Troubling questions: media donations to the Clinton Foundation

clintonfoundation

While listening to Oregon Public Broadcasting the other day I heard an interviewer mention that Public Radio International (PRI) had given money to the Clinton Foundation.

A review of the Clinton Foundation’s records reveals that PRI has, in fact, donated $10,000 – $25,000 to the Foundation. The purpose of the donation is not given.

Talk about bizarre. A major non-profit media organization that relies on donations itself, turns right around and gives some of its limited resources to another non-profit, the Clinton Foundation.

I asked PRI to explain, but they didn’t respond.

In the process of researching the issue, I learned something even more disturbing. PRI is one of dozens of media organizations that have donated to the Clinton Foundation, creating or maintaining questionable symbiotic relationships.

One of the other media donors is Public Broadcasting Service (PBS), a non-profit provider of programs to public television stations that relies on donations itself.

Media, which harp on their commitment to ethical behavior, clearly have a problem here. How can they not see it?

Last week the Clinton Foundation said it won’t accept donations from corporations or foreign entities if Hillary Clinton is elected president. A halt to accepting media donations should be adopted, too.

Other media-related donors to the Clinton Foundation include:

$1,000,000-$5,000,000

 Carlos Slim, Telecom magnate and largest shareholder of The New York Times Company

 James Murdoch, Chief Operating Officer of 21st Century Fox

 Newsman Media, Florida-based conservative media network

 Thomson Reuters, Reuters news service owner

 

$500,000-$1,000,000

 Google

 News Corporation Foundation

 

$250,000-$500,000

 Houghton Mifflin Harcourt, Publisher

 Richard Mellon Scaife, Owner of Pittsburgh Tribune-Review

 

$100,000-$250,000

 Bloomberg Philanthropies

 Howard Stringer, Former CBS, CBS News and Sony executive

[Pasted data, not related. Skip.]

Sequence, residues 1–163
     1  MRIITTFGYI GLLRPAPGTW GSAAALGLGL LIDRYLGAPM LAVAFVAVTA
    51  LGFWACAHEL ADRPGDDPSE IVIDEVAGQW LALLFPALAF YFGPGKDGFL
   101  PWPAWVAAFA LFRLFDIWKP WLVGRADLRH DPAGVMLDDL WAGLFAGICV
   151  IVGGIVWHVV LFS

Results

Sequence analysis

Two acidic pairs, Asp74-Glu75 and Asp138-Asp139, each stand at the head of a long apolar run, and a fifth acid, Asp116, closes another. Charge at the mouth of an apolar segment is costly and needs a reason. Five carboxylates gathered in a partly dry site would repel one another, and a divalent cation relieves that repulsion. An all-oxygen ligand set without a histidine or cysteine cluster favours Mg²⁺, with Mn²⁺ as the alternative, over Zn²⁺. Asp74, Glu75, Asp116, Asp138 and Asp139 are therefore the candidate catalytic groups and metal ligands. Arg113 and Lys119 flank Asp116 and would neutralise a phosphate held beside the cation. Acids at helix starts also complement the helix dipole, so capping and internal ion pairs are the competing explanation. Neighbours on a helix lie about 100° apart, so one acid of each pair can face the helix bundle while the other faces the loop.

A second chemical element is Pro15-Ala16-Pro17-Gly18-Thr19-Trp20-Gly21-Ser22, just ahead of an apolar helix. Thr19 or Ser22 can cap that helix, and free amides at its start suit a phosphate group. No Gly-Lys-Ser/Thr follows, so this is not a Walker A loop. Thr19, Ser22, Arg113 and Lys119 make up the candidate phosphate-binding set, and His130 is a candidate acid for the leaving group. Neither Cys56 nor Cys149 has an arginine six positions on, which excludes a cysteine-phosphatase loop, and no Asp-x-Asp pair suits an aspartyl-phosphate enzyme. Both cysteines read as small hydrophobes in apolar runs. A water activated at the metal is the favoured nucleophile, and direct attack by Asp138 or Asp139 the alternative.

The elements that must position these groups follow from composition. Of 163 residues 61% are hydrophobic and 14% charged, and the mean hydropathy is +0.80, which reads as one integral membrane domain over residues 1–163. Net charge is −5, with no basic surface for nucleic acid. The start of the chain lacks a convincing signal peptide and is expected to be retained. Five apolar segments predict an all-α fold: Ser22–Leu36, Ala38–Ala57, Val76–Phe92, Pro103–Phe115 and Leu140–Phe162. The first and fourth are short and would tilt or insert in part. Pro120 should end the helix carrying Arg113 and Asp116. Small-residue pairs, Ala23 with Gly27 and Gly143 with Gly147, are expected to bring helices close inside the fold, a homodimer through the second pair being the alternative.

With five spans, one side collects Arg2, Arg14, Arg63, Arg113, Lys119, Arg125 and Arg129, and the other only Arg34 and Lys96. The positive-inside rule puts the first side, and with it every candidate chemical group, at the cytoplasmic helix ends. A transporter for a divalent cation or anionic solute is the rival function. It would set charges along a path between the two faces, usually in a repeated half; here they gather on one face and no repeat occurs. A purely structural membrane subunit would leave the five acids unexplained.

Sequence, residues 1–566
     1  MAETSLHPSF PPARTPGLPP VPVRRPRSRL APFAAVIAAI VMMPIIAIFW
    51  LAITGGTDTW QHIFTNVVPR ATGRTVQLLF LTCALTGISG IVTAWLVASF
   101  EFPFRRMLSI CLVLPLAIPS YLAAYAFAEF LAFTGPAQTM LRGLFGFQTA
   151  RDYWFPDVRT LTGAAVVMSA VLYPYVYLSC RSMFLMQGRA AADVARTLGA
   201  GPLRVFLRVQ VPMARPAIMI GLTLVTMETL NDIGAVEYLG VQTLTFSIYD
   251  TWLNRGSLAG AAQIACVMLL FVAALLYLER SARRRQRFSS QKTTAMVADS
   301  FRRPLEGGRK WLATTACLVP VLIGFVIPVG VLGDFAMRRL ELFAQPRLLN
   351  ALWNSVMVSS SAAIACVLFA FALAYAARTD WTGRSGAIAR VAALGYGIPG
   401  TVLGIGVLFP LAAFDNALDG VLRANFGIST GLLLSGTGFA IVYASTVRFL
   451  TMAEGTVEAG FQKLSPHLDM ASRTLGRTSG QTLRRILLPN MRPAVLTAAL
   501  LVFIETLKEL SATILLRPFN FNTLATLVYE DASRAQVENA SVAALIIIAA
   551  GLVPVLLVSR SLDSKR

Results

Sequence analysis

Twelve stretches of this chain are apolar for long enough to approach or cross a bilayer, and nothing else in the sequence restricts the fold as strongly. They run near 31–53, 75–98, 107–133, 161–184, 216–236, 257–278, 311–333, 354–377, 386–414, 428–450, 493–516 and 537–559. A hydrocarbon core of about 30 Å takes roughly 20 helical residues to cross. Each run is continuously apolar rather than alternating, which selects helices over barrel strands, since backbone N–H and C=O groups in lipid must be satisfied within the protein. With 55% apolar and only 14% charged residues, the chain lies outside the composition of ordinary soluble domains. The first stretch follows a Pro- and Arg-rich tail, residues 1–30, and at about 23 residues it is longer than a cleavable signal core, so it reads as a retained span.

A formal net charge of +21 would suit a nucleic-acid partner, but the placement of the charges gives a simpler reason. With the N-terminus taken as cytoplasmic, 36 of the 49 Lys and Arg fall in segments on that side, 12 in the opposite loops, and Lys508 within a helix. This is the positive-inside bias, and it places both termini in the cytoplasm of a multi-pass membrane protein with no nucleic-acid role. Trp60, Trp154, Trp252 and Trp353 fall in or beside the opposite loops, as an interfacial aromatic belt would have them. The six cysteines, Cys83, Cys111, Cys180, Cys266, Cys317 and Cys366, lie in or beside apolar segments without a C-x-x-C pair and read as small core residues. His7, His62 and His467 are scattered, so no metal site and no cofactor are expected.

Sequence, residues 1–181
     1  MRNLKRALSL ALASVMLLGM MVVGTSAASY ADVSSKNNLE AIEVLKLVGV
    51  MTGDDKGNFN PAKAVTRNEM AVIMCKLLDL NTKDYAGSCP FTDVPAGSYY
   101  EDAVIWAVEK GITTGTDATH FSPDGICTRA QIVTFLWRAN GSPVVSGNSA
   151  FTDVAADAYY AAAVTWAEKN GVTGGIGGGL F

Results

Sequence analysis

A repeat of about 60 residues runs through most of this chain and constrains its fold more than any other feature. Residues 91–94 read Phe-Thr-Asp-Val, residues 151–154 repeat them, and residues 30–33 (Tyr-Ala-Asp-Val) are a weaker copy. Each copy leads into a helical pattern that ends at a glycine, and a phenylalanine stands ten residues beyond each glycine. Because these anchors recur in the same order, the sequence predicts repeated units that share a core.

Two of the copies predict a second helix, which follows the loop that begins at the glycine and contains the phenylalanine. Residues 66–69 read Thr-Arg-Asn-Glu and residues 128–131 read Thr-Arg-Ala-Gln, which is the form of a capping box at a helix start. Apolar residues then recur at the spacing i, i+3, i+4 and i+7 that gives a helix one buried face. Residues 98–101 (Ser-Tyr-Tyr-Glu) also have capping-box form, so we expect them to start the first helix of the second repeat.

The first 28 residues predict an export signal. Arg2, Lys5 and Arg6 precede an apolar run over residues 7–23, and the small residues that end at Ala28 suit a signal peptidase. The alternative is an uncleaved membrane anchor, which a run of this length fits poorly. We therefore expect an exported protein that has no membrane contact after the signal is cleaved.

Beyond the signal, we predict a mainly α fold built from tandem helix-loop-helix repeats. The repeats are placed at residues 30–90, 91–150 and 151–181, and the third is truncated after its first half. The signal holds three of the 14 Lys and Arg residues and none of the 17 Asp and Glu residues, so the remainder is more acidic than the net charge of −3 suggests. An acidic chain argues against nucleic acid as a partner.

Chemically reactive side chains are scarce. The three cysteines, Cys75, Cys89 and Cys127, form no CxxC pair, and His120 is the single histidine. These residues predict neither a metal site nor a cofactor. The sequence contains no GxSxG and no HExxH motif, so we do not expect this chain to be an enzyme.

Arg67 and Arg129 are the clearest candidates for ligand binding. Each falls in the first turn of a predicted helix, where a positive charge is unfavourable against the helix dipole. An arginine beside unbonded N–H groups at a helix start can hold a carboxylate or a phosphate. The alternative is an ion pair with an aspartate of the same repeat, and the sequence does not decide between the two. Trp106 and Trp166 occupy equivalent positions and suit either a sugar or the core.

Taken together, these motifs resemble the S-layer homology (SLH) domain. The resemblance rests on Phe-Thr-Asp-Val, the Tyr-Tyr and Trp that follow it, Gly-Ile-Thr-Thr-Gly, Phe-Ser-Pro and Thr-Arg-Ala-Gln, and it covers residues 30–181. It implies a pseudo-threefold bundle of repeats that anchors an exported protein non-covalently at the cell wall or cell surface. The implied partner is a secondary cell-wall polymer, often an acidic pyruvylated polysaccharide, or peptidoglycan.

Intermountain West Communications Company, Local television affiliate owner (formerly Sunbelt Communications)

 

$50,000-$100,000

 Bloomberg L.P.

 Discovery Communications Inc.

 Mort Zuckerman, Owner of New York Daily News and U.S. News & World Report

 Time Warner Inc., Owner of CNN parent company Turner Broadcasting

George Stephanopoulos, Communications director and senior adviser for policy and strategy to President Clinton

 

$25,000-$50,000

 AOL

 HBO

 Hollywood Foreign Press Association

 Viacom

 

$10,000-$25,000

 Knight Foundation

Turner Broadcasting, Parent company of CNN

 Twitter

 

$5,000-$10,000

 Comcast, Parent company of NBCUniversal

 NBC Universal, Parent company of NBC News, MSNBC and CNBC

 Public Broadcasting Service

 

$1,000-$5,000

 Robert Allbritton, Owner of POLITICO

 

$250-$1,000

 AOL Huffington Post Media Group

 Hearst Corporation

 Judy Woodruff, PBS Newshour co-anchor and managing editor

 The Washington Post Company

 

Climate change and guns: the long arms of out-of-state billionaires reach into the Oregon Senate

What do Tom Steyer of San Francisco (and Lake Tahoe and Pescadero) and Michael Bloomberg of New York (and Bermuda, London, Colorado and Florida) have to do with Oregon politics? A lot it turns out.

Their money helped the Democrats strengthen their hold on the Oregon Senate and potentially push through controversial environmental and gun control legislation.